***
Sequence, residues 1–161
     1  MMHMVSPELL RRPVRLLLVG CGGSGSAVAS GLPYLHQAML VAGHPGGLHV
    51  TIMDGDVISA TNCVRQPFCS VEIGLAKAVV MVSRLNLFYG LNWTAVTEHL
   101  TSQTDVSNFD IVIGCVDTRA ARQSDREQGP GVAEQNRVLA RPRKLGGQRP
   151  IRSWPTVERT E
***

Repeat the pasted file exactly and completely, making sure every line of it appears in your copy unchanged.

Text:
Sequence, residues 1–161
     1  MMHMVSPELL RRPVRLLLVG CGGSGSAVAS GLPYLHQAML VAGHPGGLHV
    51  TIMDGDVISA TNCVRQPFCS VEIGLAKAVV MVSRLNLFYG LNWTAVTEHL
   101  TSQTDVSNFD IVIGCVDTRA ARQSDREQGP GVAEQNRVLA RPRKLGGQRP
   151  IRSWPTVERT E